by Dan McCabe
Urban areas account for the majority of global energy consumption and greenhouse gas emissions, which is of growing concern as their populations are projected to double within the next 35 years. In order to inform urban planning efforts to reduce greenhouse gas emissions, Creutzig et al. (2015) studied how a wide array of variables influence the energy consumption of cities across the globe. The authors considered detailed data provided by the World Bank (WB), the Global Energy Assessment (GEA), and the International Association of Public Transport (UITP) for 274 different-sized cities from 60 different countries. A correlation analysis was performed to determine how significant an impact each variable—such as gasoline price, population density, and gross domestic product (GDP)—appeared to have on citywide energy consumption. The dependent variable for this analysis depended on the data set from which information was obtained: per capita energy use for the GEA data, per capita transportation energy use for the UITP data, and per capita greenhouse gas emissions for the WB data. A standard linear regression model was used to determine the significance of each independent variable.
The results of the analysis depend on the data set and corresponding dependent variable considered. GHG emissions and transport energy consumption are most strongly correlated with gasoline prices and population density. Total energy consumption, however, is most effected by urban economic activity and climate, measured in heating degree days. The influence of each possible variable, however, differs across the range of cities studied.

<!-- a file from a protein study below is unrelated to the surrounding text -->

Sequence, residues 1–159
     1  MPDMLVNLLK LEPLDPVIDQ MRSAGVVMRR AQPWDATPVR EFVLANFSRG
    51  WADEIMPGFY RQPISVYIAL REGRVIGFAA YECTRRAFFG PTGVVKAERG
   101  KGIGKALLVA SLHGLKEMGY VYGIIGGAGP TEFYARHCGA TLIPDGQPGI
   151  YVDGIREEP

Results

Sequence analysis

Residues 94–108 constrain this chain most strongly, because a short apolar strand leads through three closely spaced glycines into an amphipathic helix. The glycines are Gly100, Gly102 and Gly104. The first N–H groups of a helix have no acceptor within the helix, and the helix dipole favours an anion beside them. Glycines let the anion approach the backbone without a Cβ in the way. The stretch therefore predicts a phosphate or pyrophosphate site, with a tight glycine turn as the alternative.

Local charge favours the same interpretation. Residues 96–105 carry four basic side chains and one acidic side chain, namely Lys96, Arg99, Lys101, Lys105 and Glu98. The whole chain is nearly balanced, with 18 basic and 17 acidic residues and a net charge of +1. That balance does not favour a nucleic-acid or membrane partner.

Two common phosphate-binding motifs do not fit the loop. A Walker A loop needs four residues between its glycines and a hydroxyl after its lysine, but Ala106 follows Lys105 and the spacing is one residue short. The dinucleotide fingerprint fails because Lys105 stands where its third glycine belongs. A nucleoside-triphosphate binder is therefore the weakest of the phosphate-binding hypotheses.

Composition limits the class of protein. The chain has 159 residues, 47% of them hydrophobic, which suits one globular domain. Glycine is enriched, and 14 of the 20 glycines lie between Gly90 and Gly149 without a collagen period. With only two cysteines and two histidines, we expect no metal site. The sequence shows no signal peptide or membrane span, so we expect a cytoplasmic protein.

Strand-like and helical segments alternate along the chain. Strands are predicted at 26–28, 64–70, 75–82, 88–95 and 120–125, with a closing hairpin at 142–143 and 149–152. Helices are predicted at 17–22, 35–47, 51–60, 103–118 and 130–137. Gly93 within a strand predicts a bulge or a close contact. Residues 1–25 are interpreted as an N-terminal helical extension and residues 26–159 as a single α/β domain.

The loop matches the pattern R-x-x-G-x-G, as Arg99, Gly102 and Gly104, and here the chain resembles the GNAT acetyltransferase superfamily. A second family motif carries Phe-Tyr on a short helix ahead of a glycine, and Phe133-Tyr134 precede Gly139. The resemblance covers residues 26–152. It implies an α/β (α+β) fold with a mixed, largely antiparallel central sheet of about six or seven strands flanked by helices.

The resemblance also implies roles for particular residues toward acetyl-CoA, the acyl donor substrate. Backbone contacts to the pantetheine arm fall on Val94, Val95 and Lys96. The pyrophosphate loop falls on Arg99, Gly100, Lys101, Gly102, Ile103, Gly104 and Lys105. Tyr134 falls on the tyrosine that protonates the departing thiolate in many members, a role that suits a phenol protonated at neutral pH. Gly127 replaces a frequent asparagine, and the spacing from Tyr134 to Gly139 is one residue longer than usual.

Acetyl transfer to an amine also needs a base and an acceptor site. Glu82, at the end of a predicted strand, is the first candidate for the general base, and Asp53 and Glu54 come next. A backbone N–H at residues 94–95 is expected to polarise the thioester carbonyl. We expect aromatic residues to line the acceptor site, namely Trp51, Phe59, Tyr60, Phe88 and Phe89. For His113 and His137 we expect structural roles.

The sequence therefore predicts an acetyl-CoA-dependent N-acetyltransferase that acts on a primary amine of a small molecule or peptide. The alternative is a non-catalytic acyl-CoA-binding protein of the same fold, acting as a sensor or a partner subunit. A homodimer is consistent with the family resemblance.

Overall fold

An understanding of the important factors that contribute to urban energy demand allowed the researchers to assess the potential to reduce consumption. With global urban populations expected to double by 2050, cities are an important target for decreasing overall emissions. The authors found that strategic urban planning and the ideal implementation of fuel taxes could reduce projected urban energy consumption in 2050 from about 730 EJ in the business-as-usual scenario to 540 EJ, with most of the difference coming in the developing regions of Asia, Africa, and the Middle East.
While the analysis in this paper does not perfectly explain the energy usage of vastly different urban areas and projections for the future always carry substantial uncertainties, it makes some highly valuable contributions to understanding how cities can be more sustainable. Specifically, the energy demand of cities in the coming decades can be reduced by promoting high population density and, when possible, higher fuel prices. Specific planning strategies should be customized for different areas according to their needs; for example, fuel taxes are more effective in relatively affluent locations. While there does not appear to be a way to prevent consumption from rising severely as global population grows, this research offers pragmatic, useful data to encourage cities to develop with as little impact as possible.
Creutzig, F., Baiocchi, G., Bierkandt, R., Pichler, P., Seto, K. C., 2015. Global typology of urban energy use and potentials for an urbanization mitigation wedge. Proceedings of the National Academy of Sciences, published ahead of print. http://www.pnas.org/content/early/2015/01/07/1315545112.full.pdf